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PhD position on plant polycob group genes

justin goodrich justin.goodrich at ed.ac.uk
Mon Dec 3 06:19:06 EST 2001

Gatsby Trust PhD studentship in plant development

Title: Polycomb-group genes controlling Arabidopsis flower development

A studentship funded by the Gatsby Trust is available within my group.
The Gatsby awards are valuable ones, and provide the student with a
generous maintenance allowance, but also with money for consumables,
money for travel to conferences, and with good support - for example,
run various training weekends for award holders on making presentations,
thesis writing, and other skills.  Candidates submit a brief research
proposal and are interviewed by a panel from the Gatsby trust on March
4/5 2002.

In my group, we are characterising the action of plant Polycomb-group
genes in regulating reproductive development.  In animals,
Polycomb-group genes regulate chromatin structure and are thought to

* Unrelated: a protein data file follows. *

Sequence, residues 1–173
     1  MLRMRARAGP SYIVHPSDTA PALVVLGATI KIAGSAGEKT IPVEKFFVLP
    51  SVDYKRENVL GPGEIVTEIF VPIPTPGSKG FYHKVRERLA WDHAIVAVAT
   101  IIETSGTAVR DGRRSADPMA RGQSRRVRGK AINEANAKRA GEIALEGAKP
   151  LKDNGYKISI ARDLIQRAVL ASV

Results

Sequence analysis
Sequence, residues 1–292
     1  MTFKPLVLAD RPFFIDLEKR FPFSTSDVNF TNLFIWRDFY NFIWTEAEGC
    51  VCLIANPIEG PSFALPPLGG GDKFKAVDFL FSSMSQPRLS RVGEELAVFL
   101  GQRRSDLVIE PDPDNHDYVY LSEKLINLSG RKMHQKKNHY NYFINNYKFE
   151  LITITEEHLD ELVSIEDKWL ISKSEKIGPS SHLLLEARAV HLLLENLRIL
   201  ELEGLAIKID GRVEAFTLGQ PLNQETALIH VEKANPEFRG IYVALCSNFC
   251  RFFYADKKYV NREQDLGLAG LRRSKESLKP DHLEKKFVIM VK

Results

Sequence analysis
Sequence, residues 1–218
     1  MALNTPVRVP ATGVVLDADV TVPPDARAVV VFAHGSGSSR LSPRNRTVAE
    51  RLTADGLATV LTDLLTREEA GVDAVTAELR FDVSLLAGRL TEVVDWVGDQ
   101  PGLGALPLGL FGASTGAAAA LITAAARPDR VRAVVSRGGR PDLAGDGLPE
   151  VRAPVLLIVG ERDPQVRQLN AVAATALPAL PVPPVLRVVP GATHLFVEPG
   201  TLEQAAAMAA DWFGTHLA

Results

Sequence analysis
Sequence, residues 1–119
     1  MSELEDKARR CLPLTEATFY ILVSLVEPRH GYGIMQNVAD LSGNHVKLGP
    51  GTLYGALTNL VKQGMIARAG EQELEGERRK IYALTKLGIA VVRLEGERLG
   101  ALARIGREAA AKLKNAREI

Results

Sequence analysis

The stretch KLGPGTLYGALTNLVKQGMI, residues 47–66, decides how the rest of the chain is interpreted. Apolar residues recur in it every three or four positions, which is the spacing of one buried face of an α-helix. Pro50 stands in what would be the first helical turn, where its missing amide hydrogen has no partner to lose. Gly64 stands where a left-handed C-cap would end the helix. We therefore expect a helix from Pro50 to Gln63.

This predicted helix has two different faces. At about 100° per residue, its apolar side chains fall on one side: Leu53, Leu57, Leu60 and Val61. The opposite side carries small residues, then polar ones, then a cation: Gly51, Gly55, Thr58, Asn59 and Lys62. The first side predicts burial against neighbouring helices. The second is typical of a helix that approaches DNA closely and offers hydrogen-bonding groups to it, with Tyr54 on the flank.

control cell fate determination by locking on or off states of homeotic
gene activity.  We identified a Polycomb gene, CURLY LEAF (CLF), from
Arabidopsis and showed that it controls floral homeotic genes during
leaf and flower development.  Subsequently, another group  of plant
Polycomb genes, termed the FIS group, have been shown by several groups
to regulate seed development and these are thought to play a role in
genomic imprinting.  We are using various genetic and molecular
approaches to dissect CLF and FIS group function.  For example, we are
making genetic screens to identify genes that modify the clf phenotype.
These are expected to identify additional plant factors regulating
chromatin structure and homeotic gene expression.  One project is
therefore to clone and characterise modifiers arising from the screen.
We have also identified the floral homoeotic gene AGAMOUS as a target of
CLF, and find that promoter and intragenic (intron) sequences are
required for response to CLF.  We would therefore like to dissect
further the AG regulatory sequences and identify the regions that confer
response to CLF.  The projects would provide a good general training in
genetic and molecular techniques for analysing plant development, and an
opportunity to interact with several other groups conducting key
research in plant development.


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